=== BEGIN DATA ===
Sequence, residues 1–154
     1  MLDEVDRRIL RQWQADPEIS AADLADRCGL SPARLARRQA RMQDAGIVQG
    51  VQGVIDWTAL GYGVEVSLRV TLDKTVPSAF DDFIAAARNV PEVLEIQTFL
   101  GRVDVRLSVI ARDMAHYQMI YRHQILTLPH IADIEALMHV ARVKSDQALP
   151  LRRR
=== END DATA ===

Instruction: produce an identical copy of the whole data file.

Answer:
Sequence, residues 1–154
     1  MLDEVDRRIL RQWQADPEIS AADLADRCGL SPARLARRQA RMQDAGIVQG
    51  VQGVIDWTAL GYGVEVSLRV TLDKTVPSAF DDFIAAARNV PEVLEIQTFL
   101  GRVDVRLSVI ARDMAHYQMI YRHQILTLPH IADIEALMHV ARVKSDQALP
   151  LRRR